The apostle Peter’s death was seemingly foretold by Jesus in the Gospel of John:
“Very truly I tell you, when you were younger you dressed yourself and went where you wanted; but when you are old you will stretch out your hands, and someone else will dress you and lead you where you do not want to go.” Jesus said this to indicate the kind of death by which Peter would glorify God. Then he said to him, “Follow me!” (21:18-19).
John’s gospel was written around 90 CE, which will have many scholars, who reject that Jesus could predict the future accurately (whether by supernatural means or a guess), seeing this as John reflecting knowledge of Peter’s death and putting these words on the lips of Jesus. Clement of Rome also mentions Peter’s death in his Letter to the Corinthians: “There was Peter who by reason of unrighteous jealousy endured not one but many labors, and thus having borne his testimony went to his appointed place of glory” (chapter 5). Peter’s death is also attested to by Tertullian (lived 155-240 CE) at the end of the second century, and by Origen in Eusebius of the fourth century.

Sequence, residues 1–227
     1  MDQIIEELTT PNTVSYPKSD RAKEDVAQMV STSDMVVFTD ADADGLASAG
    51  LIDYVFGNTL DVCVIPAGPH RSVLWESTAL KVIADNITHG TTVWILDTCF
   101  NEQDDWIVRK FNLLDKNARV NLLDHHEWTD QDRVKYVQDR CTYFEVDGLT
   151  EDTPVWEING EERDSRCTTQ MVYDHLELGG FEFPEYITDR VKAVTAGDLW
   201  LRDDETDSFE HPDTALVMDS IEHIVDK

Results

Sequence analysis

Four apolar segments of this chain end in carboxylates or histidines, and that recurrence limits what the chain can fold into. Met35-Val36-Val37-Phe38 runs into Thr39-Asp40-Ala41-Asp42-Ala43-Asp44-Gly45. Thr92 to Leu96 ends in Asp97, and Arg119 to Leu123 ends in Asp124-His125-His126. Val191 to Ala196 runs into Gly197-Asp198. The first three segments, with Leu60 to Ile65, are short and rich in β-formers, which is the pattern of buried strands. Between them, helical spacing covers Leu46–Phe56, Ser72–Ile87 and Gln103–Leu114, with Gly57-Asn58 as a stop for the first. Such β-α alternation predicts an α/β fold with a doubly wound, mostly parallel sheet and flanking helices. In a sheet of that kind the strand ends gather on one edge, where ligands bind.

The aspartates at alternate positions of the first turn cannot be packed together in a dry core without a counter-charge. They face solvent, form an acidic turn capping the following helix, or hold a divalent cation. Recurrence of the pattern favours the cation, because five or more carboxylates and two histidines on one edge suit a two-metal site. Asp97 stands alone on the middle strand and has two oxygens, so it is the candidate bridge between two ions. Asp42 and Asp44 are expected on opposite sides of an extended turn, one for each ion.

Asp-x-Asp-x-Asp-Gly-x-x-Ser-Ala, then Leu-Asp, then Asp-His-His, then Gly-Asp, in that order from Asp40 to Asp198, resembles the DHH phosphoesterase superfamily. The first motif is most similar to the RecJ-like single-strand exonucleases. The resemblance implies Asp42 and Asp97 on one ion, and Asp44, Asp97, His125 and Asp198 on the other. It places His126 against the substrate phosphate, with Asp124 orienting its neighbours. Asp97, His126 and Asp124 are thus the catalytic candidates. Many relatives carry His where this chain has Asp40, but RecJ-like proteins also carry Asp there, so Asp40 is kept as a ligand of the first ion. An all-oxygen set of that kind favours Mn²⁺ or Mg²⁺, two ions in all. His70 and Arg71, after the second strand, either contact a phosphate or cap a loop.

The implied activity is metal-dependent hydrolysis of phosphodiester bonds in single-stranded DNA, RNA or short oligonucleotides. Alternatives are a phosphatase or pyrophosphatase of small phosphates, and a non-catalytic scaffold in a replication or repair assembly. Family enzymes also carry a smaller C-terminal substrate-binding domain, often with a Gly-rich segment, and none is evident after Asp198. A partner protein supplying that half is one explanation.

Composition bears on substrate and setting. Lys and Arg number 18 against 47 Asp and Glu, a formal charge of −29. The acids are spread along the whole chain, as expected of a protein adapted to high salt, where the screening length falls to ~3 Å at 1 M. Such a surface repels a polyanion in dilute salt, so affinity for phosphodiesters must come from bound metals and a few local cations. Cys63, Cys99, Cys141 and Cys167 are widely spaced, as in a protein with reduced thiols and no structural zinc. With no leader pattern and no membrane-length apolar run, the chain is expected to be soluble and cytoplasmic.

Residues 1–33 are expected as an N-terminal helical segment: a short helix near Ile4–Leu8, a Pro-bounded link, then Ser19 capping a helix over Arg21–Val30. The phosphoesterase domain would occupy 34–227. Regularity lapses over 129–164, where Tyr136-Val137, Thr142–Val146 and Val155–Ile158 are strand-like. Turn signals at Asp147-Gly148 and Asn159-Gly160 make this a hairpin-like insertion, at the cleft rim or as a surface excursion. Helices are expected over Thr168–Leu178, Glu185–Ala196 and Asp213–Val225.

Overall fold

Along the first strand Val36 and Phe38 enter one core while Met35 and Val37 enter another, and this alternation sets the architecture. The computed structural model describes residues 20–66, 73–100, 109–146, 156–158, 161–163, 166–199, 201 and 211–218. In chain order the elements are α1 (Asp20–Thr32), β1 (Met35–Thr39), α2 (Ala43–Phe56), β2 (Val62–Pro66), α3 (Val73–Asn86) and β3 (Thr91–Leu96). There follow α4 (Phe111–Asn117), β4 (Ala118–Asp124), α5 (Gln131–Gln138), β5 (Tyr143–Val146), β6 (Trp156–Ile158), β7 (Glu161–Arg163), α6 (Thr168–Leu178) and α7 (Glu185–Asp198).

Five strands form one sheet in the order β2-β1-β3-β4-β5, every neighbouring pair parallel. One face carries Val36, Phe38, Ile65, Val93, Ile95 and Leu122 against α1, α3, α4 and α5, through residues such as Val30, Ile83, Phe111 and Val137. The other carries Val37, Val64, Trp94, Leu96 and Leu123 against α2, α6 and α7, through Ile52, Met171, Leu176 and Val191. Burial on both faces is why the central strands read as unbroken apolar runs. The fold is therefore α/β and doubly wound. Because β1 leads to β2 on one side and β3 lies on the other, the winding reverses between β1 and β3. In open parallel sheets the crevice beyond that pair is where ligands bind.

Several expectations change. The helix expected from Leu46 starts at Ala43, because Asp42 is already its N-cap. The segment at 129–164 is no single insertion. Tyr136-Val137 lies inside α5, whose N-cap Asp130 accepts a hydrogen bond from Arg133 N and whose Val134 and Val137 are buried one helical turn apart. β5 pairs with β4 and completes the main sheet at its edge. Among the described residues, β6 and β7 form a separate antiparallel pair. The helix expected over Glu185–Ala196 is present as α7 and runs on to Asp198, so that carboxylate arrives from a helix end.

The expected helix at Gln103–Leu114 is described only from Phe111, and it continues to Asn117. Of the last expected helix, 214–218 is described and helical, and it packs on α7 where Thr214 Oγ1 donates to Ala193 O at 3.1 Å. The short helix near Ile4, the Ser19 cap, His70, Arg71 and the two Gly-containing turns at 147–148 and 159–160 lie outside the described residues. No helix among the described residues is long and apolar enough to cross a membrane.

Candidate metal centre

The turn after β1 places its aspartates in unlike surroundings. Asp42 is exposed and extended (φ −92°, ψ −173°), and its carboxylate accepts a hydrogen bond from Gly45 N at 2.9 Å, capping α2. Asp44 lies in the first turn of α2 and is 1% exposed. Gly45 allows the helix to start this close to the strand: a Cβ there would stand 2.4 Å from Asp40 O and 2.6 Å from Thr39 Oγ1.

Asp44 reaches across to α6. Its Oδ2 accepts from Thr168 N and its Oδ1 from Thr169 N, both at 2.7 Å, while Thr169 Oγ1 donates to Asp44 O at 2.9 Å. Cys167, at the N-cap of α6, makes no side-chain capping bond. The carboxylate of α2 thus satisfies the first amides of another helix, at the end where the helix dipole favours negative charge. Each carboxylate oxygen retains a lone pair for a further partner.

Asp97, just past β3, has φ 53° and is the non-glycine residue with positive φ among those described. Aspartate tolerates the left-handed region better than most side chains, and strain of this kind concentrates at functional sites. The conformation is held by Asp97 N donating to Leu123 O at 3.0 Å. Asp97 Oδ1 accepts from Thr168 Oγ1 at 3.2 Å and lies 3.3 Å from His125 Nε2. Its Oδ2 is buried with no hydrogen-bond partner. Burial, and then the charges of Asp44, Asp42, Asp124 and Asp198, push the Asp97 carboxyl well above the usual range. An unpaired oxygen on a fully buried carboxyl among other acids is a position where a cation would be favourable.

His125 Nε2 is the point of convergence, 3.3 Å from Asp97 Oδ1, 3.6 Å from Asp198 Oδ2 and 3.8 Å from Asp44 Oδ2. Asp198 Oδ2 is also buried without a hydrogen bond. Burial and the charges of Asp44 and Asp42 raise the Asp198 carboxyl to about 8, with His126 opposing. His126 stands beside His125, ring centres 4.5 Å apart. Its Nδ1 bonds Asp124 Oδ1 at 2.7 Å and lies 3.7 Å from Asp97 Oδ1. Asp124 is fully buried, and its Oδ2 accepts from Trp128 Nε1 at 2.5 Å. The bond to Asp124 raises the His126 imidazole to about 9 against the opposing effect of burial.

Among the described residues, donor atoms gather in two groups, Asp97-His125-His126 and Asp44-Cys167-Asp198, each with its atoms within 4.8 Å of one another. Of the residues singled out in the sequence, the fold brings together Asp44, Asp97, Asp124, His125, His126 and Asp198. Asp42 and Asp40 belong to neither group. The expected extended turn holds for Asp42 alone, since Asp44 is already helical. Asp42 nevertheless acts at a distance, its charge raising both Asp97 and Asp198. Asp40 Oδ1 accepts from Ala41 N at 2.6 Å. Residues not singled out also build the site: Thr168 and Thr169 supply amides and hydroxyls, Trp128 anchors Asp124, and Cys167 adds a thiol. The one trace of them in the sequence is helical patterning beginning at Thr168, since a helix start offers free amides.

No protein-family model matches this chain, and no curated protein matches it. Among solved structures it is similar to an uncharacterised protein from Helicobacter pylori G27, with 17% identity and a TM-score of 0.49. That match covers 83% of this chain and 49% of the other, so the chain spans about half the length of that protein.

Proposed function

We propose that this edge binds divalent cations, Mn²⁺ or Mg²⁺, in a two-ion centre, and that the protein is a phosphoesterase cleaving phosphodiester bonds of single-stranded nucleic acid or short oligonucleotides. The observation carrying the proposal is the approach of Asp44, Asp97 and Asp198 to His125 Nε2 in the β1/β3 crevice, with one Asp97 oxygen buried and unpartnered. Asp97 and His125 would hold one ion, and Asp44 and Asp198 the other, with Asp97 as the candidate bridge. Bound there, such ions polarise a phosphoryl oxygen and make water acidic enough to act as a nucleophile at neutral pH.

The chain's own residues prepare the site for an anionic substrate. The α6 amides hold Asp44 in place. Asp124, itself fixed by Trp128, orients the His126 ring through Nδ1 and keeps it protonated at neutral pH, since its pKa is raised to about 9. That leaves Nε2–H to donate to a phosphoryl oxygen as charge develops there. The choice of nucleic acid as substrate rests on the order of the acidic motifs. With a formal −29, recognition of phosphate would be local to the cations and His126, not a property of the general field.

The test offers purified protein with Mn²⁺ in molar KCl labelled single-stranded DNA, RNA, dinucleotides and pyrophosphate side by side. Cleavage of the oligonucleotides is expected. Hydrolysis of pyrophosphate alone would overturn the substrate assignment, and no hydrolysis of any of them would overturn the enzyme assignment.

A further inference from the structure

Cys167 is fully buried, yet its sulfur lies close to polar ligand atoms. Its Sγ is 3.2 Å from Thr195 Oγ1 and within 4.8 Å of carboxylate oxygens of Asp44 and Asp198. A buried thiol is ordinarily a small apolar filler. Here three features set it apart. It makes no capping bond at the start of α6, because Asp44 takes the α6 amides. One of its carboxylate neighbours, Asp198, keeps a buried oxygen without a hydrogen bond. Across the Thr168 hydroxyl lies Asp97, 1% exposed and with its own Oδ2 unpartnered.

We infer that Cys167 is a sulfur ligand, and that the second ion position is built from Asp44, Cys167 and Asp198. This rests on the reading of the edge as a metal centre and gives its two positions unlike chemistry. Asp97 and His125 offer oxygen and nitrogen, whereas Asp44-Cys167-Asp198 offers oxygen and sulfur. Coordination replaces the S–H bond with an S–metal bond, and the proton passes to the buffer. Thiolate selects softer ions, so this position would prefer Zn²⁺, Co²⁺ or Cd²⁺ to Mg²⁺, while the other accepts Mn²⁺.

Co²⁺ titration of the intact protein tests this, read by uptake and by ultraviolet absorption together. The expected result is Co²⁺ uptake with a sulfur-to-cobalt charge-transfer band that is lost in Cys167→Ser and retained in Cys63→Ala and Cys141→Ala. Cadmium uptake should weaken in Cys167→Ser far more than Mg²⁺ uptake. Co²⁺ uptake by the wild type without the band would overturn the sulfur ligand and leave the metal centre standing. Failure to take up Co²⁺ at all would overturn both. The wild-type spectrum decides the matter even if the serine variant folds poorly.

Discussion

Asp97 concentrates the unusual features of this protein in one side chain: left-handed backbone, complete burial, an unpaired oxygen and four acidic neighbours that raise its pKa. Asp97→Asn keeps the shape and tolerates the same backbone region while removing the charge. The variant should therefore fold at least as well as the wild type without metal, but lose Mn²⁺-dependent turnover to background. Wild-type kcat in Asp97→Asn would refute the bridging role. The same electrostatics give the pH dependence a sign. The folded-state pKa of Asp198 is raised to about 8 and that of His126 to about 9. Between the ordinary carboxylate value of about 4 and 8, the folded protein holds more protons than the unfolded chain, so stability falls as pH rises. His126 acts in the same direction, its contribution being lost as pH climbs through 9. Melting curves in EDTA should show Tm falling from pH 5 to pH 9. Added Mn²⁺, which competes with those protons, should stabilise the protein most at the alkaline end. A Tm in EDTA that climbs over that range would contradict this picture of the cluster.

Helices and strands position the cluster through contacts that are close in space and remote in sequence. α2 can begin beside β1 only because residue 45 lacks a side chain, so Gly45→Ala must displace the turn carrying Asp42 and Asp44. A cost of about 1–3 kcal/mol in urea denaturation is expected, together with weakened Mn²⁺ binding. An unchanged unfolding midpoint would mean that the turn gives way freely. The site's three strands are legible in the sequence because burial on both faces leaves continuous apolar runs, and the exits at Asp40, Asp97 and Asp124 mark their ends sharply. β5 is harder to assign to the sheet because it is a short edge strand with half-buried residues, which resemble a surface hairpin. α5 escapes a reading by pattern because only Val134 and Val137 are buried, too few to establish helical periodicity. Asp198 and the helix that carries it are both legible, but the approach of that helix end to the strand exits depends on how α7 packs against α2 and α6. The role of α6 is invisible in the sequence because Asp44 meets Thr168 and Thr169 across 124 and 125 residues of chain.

To summarize: Historically, it is reasonable to accept the martyrdom of Paul, Stephen, Peter, James (brother of John), and James (brother of Jesus): Paul’s death is affirmed by the testimony of Clement and Second Timothy; Stephen by Acts; Peter by the Gospel of John and Clement; James, the brother of John, by Acts; and James, the brother of Jesus, by Josephus Flavius.
Foakes Jackson, F. J. 1927. “Evidence for the Martyrdom of Peter and Paul in Rome.” Journal of Biblical Literature 46(1/2):74-78.